” … whining rotters who never rouse themselves to any effort, who do not possess the ability of a filing clerk, but demand the income of a company president, who drift from failure to failure and expect you to pay their bills … who demand that it be the aim of your life to serve them, who demand that your strength be the voiceless, rightless, unpaid, unrewarded slave of their impotence … they are born to rule by the grace of incompetence .. yours is only to give, theirs only to take … yours is to produce, but theirs to consume … you are not to be paid, neither in matter nor in spirit, neither by wealth nor by recognition nor by respect nor by gratitude …”
Wow! What a great description of Wall Street bankers! Oh, wait …
Another one of Rand’s over-talkative proxies is a physician who says this, after enjoying all the same government-paid benefits that Galt himself skimmed off the system::
“I quit when medicine was placed under State control, some years ago. Do you know what it takes to perform a brain operation? … I would not let them dictate the purpose for which my years of study had been spent …”
I guess that means he doesn’t take Medicare. Good luck with those HMOs, Doc!
Life, Liberty, and the Pursuit of … I Forget the Third
Which gets us to the other point of your note, Mr. Self-Described Producer:
“If healthcare should be a right then where does it stop? Could one not use the same argument that everyone has a right to free housing? A free car? Perhaps free air travel? Who will pay for all this?”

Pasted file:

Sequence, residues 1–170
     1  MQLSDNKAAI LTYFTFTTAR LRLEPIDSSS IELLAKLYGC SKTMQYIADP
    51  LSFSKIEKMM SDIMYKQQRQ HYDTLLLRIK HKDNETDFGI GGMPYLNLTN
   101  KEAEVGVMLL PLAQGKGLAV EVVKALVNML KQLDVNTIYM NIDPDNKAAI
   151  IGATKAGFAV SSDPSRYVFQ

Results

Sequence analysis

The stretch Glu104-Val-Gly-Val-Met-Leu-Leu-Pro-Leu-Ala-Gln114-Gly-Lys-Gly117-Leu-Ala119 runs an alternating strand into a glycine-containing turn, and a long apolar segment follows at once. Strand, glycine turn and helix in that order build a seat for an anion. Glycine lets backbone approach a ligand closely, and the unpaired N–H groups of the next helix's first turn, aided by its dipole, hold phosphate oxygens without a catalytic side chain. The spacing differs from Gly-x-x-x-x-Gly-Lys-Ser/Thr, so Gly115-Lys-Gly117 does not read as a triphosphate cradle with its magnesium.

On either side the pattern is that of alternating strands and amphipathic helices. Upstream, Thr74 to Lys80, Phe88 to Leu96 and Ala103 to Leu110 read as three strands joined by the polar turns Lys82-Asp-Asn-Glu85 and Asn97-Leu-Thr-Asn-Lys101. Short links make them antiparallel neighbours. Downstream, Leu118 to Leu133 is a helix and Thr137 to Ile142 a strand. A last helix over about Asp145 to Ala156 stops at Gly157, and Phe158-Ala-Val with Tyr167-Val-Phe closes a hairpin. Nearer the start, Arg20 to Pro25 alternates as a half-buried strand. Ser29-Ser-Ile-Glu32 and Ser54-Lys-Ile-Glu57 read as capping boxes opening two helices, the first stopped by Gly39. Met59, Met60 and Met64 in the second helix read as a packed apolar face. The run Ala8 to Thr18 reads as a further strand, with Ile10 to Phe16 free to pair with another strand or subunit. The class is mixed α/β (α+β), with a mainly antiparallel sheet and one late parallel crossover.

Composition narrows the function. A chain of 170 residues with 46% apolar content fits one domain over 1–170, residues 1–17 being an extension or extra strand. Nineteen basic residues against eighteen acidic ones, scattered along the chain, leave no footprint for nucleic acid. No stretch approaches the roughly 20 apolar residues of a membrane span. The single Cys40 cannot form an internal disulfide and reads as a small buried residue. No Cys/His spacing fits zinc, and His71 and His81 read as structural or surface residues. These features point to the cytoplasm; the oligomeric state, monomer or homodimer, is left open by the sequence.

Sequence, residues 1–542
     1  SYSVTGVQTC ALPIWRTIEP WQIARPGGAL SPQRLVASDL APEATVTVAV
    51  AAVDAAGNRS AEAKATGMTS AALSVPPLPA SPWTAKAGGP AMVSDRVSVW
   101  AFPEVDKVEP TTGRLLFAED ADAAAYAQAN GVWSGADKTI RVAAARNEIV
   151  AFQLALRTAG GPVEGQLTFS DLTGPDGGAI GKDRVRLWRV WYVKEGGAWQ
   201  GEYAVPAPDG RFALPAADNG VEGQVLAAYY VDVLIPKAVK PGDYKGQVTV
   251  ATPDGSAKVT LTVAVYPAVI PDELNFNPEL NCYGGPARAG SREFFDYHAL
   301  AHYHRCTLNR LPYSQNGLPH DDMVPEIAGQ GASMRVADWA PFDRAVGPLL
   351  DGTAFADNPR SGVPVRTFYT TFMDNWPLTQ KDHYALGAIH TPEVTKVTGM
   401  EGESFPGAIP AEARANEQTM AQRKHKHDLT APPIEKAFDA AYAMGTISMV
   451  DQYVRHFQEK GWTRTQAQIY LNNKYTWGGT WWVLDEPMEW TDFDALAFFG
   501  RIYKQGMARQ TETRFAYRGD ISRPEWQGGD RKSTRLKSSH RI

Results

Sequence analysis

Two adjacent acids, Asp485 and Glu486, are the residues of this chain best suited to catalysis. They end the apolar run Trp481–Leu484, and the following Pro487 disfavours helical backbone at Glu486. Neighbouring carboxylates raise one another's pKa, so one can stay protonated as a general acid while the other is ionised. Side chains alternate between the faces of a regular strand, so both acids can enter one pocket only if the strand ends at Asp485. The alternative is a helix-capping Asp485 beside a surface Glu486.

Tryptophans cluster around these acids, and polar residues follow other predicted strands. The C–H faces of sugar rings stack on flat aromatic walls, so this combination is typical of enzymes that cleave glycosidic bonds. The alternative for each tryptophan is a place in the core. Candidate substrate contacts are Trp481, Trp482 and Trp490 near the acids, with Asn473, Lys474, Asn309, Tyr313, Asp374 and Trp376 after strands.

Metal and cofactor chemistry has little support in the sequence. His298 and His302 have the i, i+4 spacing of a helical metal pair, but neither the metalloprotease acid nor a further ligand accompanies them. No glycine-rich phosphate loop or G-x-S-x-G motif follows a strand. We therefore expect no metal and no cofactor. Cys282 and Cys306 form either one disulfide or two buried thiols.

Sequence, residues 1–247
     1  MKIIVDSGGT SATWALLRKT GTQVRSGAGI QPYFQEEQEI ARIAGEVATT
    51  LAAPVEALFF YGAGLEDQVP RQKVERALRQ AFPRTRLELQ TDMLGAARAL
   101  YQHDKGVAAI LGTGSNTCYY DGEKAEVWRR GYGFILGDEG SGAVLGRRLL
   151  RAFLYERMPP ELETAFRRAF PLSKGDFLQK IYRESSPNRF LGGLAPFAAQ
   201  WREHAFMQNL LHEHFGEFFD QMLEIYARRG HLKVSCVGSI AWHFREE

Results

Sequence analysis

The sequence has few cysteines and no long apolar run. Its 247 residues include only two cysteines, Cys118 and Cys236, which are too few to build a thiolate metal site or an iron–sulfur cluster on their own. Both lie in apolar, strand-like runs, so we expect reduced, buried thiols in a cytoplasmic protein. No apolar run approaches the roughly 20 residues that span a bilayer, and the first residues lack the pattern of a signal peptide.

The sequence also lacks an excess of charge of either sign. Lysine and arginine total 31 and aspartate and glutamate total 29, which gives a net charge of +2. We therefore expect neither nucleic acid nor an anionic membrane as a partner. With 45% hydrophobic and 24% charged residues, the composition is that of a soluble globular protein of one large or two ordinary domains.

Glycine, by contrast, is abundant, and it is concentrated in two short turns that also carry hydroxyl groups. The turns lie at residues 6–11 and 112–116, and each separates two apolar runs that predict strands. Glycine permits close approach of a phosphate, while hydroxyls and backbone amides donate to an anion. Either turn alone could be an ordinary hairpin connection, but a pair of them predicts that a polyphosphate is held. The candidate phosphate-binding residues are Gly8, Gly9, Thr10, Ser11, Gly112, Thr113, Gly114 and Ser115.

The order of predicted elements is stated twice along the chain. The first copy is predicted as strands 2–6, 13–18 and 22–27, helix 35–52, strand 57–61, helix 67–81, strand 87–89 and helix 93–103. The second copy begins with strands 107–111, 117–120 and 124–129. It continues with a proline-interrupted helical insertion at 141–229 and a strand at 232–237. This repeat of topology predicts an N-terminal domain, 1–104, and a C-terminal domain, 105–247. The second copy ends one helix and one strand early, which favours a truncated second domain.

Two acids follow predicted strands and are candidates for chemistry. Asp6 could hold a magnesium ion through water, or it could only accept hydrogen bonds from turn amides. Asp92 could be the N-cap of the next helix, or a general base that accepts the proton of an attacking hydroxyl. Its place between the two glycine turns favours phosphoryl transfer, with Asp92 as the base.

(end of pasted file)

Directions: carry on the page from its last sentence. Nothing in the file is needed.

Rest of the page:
Healthcare is a right because it is essential to “life, liberty, and the pursuit of happiness.” Those are the freedoms on which are country is founded, and they’re precisely the freedoms which so many Galtians despise. In Rand’s world the pursuit of happiness is restricted to the most brutal, while life and liberty are yours to fight for if you can. And if the profiteers have killed your parents and impoverished your community and you’re a six year old trying to survive — well, tough luck, you worthless rotter.
Randians want to destroy government and turn this country into a brutal, savage, Mad Max landscape of roving economical (and possibly physical) gangs. You know who would get hurt, besides those of us whose work enriches others?
When BP despoiled the Gulf of Mexico, a lot of producers were hurt. Fishermen, including those who were hardworking enough to build up a little fleet of boats and hire others, were badly hurt by the greed and lax regulation that led to the disaster. So were hotel owners, restaurant owners, and other real producers.
One of the few real functions your Mr. Galt will permit government to fulfill is “to protect you from criminals.” But what if the criminals call themselves “producers”? Crime on Wall Street is real crime, too. And crimes like BP’s hurt other producers.
Galt’s two other permissible government functions were to protect his intellectual property and save him from foreign invaders. But if he admits that government is good for some things, he’s already lost his argument. It’s like that nasty old joke about prostitution: Now we’re just dickering.